Some things happen so easily, so elegantly that’s it’s difficult to not believe it was meant to be.
Last week, I received an email from Doris, a beautiful lady I haven’t seen in over 14 years. She sent the email to myself and another beautiful lady, Dee, whom I haven’t seen in just as many years. Doris wrote she missed us. “Let’s get together”, she said.
So it was quite wondrous when in reply to the Doris’s email, Dee said she’d be in town the next day and asked if we could do lunch then. I replied and said I would just happen to be in the general area for Brhiannon’s art class, and perhaps we could meet for lunch at that time.
Within 24 hours, three women who had not been together in 14 years were having lunch in New Cumberland, and talking as if no time had passed at all.
I had another experience like that with a friend from high school. I hadn’t seen her since my oldest, who turns 30 this year, was in diapers. But yet, just a year ago, Giny and I sat in an airport while she was on her way to Norway (another long and beautiful story), as if we had just come off a weekend and were having lunch in between classes now.
This is what amazes me the most about my truest friends. Time doesn’t exist. What’s real in our relationship circumvents time. You catch up on the details in another person’s life, but the essence of the ones you love remain, and you recognize them. And you know them so well, and the intimacy that was never thinned by the passing of time invites you to dive right in. No superficial small talk. Just meaningful conversation punctuated with laughter and heartfelt confessions and genuine sharing.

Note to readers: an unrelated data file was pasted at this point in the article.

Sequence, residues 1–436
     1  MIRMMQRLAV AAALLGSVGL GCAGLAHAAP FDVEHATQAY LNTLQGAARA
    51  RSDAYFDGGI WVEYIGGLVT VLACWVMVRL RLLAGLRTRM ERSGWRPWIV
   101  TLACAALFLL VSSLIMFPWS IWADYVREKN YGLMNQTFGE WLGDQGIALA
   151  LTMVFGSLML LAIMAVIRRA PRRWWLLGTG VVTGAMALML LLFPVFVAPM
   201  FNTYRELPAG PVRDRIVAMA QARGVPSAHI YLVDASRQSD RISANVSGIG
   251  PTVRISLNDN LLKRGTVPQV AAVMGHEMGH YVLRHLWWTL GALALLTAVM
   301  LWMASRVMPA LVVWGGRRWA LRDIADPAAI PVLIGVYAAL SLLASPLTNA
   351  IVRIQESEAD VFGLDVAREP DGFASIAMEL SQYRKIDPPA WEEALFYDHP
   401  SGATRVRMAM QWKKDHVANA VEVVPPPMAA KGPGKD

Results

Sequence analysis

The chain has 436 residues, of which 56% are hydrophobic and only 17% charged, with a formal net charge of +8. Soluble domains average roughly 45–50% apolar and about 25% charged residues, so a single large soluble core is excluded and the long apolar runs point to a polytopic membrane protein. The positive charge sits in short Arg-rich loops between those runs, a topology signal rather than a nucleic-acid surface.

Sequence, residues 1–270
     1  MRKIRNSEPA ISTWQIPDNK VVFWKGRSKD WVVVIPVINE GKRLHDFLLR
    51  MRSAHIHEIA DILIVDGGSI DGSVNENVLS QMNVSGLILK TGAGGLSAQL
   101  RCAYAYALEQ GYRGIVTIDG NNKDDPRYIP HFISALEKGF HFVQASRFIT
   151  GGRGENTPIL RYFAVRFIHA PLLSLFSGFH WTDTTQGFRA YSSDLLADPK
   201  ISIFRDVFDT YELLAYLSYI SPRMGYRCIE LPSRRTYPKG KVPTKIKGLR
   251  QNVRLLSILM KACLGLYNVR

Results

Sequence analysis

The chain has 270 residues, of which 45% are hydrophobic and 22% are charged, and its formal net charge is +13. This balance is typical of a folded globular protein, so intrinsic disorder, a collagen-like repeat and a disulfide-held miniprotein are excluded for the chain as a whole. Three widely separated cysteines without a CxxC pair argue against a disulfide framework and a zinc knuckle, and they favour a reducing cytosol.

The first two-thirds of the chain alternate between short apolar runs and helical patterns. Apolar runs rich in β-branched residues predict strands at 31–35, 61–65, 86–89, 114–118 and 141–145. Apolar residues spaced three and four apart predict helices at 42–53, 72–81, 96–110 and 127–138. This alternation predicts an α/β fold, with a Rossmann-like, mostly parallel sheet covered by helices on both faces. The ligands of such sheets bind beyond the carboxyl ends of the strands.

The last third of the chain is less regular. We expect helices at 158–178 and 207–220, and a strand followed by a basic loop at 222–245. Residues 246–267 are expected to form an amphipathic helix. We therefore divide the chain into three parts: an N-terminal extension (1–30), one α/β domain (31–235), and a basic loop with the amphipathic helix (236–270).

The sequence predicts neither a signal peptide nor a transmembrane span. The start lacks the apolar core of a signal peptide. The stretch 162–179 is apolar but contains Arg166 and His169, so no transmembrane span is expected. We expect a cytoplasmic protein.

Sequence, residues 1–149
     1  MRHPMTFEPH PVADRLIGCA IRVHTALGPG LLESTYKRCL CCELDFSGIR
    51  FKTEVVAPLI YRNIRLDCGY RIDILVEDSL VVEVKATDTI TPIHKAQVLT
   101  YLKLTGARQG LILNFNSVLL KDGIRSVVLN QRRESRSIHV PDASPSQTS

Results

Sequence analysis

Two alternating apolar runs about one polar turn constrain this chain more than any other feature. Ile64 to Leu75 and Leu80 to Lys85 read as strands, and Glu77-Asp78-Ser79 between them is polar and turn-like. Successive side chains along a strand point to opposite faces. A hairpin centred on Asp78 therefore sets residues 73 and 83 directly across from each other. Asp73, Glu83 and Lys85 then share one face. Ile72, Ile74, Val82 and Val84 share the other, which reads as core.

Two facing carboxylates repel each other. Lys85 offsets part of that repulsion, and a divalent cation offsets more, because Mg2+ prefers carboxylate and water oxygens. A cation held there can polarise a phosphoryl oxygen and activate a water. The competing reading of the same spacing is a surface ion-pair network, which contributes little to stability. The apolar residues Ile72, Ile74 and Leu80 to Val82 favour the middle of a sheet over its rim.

That doesn’t happen with people who hide behind images or personae. Those things shift and change, so you never know who’s there even if you just saw them an hour ago.
You can be who you are with people who are real. They do not live in pretense, and so you don’t have to either. Not that there aren’t those who choose to live in pretense regardless who they’re with, but with a genuine person it is safe to be yourself.
My mother spoke of only one friend with whom she had a relationship like this. Her name was Shigecko. My mother called her Geko chan.
Geko chan was the one person my mother could be herself with, the one who accepted my mother for who she was, who encouraged her to follow her dreams as she shared her dreams with my mother, who saw my mother as a worthy human being.
Geko chan became ill in her early twenties and passed away.
My mother never stopped loving her…or missing her.
It’s never occurred to me until now how terribly lonely my mother must have been. I knew she had to have felt lonely living in a western culture as a minority. Her frequent talking about the land where she grew up made me realize that. But I think the cultural differences couldn’t have been as alienating a factor in her life as not having a true friend to share her present moments now.
There were other Japanese women my mother came to know. And I know she had a few American born friends as well. But there was a closeness, a bond she shared with Geko chan that I know she never found in anyone else.
Perhaps if she had remained in Japan, she would have had a larger number of women with whom she might have been able to experience or create that depth of friendship. Whatever the reason, my mother lived without that sense of sisterhood that I have come to really cherish and can’t imagine living without.